Man accused of fatal coffee mug blow at Lakewood home ruled incompetent to stand trial

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A man accused of killing someone with a coffee mug at an adult family home in Lakewood has been found incompetent to stand trial.

Prosecutors said John Douglas Quitorio, 64, picked up the mug and punched another man in the face with it during an argument Oct. 27 at the facility where they were both living in the 7900 block of Onyx Court Southwest.

That man, 57-year-old Timothy Alan Nitschke, later died from his injuries.

Nitschke’s daughter, Freedom Nitschke, spoke at a press conference earlier this year about behavioral health bills to restrict where the state Department of Social and Health Services can place violent offenders.

“This shouldn’t have happened,” Nitschke said. “I do not believe they (the adult family home) were equipped to handle a patient like that. My father didn’t deserve this — no one deserves this.”

Those bills were introduced by Sen. Steve O’Ban, R-University Place. They did not make it out of committee.

A spokeswoman for O’Ban said a different bill, HB 1023, passed the senate Monday with an amendment from the senator.

The bill would allow adult family homes to expand to eight beds. O’Ban’s amendment prevents those housing violent offenders from being able to do that.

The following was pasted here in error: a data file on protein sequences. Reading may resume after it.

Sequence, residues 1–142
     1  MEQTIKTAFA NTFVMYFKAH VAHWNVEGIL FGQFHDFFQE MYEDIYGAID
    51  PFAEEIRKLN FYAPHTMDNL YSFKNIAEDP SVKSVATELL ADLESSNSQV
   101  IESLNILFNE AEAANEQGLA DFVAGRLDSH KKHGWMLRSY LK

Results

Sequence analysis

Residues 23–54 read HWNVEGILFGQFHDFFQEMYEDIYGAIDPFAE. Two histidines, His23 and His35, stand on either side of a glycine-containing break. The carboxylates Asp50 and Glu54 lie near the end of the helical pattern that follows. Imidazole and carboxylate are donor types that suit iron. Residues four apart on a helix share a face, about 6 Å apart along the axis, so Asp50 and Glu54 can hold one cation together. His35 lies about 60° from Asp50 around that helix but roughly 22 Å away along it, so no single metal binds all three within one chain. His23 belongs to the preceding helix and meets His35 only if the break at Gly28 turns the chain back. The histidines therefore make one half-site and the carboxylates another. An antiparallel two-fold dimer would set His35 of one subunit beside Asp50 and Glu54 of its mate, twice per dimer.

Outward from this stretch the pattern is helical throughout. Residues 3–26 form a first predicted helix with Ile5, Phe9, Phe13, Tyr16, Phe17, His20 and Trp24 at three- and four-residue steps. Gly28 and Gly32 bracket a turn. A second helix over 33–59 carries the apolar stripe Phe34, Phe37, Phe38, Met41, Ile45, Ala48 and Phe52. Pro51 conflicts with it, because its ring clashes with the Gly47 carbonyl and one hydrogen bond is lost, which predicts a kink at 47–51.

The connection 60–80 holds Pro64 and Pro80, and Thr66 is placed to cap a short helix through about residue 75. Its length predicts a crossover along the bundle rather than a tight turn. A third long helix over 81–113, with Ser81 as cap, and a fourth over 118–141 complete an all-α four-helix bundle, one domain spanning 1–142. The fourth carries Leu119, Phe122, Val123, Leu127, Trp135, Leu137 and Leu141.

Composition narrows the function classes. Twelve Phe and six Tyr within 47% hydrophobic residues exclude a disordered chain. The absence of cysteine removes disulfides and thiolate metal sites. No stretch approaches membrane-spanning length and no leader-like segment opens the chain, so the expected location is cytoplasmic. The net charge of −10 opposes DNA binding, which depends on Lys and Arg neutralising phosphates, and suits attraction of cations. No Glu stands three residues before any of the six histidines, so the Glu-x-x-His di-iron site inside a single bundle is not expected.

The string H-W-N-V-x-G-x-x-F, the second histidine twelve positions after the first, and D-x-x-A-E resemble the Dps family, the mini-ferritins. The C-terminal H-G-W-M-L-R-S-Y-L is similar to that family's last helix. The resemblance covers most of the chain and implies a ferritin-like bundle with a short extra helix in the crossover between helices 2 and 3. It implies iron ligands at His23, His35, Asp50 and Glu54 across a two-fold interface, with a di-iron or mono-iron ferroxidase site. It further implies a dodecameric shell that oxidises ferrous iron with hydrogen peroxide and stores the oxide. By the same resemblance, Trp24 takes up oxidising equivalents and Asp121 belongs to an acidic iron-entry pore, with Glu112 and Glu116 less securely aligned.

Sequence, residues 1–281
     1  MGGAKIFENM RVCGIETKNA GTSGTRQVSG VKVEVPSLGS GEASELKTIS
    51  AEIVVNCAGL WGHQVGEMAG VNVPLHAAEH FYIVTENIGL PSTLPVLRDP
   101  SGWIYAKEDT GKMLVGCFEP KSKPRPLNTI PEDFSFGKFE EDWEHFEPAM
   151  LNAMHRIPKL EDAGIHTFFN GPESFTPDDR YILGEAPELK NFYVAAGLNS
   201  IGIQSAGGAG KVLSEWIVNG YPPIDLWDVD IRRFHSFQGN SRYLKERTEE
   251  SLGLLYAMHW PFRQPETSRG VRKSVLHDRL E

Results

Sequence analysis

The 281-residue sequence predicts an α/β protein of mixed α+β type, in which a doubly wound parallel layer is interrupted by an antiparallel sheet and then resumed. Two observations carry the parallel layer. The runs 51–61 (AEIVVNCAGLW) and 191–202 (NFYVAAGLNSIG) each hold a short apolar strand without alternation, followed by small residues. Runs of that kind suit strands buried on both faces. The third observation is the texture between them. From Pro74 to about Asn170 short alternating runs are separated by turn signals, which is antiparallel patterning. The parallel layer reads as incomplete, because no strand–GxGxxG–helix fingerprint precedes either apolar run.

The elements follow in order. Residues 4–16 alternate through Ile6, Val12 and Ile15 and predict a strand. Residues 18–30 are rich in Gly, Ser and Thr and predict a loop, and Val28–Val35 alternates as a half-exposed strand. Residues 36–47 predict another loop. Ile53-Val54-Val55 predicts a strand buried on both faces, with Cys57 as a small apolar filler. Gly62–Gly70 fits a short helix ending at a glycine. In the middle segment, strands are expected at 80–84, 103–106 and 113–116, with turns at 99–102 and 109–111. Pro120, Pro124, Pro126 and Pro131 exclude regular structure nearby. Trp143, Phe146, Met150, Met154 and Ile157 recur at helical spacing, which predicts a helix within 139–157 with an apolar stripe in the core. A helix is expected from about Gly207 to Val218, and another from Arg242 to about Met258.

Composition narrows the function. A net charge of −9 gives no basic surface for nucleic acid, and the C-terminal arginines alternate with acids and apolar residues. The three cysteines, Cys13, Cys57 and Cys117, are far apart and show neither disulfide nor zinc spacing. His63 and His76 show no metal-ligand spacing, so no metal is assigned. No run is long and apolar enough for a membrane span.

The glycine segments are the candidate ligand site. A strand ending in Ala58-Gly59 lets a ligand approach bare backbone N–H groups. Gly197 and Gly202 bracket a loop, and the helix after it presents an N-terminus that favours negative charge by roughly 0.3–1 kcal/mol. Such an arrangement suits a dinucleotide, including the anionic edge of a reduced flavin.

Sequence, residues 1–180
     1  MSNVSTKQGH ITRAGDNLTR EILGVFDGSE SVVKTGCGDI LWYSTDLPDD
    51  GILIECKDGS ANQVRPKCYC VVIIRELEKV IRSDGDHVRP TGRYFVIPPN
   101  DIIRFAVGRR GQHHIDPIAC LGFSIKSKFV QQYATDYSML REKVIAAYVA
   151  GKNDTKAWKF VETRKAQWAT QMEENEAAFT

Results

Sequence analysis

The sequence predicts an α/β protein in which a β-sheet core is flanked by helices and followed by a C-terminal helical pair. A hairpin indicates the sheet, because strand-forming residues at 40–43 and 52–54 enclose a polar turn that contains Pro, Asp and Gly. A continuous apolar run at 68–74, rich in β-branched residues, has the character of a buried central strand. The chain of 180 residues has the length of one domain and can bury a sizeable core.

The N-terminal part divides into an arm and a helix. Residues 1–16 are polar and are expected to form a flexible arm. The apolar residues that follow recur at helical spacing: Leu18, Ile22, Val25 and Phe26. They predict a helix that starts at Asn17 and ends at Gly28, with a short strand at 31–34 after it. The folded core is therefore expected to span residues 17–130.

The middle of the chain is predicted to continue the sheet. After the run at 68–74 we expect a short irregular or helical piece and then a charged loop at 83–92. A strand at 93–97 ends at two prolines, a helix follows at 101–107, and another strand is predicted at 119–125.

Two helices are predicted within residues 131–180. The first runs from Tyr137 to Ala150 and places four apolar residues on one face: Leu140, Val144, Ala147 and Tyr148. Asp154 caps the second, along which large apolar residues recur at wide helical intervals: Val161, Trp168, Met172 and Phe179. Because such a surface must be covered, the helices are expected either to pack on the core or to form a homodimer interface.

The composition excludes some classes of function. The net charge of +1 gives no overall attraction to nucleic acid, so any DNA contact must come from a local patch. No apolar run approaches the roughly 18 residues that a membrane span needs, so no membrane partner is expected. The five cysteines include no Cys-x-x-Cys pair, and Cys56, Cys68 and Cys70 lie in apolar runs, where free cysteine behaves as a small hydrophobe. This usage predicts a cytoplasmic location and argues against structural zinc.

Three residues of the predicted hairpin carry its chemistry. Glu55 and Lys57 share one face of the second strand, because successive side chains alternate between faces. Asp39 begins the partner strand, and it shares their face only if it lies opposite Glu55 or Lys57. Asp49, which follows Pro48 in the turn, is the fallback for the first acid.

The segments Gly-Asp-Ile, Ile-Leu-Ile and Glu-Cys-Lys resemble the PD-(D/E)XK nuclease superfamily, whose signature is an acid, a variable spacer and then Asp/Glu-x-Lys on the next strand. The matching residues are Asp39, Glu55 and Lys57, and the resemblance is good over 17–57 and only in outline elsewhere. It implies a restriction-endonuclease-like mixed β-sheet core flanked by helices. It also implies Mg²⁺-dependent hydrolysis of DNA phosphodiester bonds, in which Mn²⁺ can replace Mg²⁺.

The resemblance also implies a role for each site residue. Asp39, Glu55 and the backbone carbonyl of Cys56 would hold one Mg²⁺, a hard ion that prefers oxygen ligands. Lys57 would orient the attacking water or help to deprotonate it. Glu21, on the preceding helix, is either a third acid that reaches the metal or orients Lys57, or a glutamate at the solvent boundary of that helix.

Pierce County Superior Court Judge Stanley Rumbaugh dismissed the charge of second-degree murder against Quitorio April 11, according to court records. The judge found that Quitorio wasn’t able to understand the proceedings against him or to help with his defense, and that Quitorio wasn’t likely to be able to do so with further treatment.

A recent mental health evaluation filed with the court diagnosed Quitorio with schizophrenia. He’s had delusional thoughts, the report said, including about the mafia and JFK.

The court’s order dismissing the murder charge said Quitorio was to stay at Western State Hospital for several days to be evaluated for potential civil commitment to the hospital.

Alexis Krell covers local, state and federal court cases that affect Pierce County. She started covering courts in 2016. Before that she wrote about crime and breaking news for almost four years as The News Tribune’s night reporter.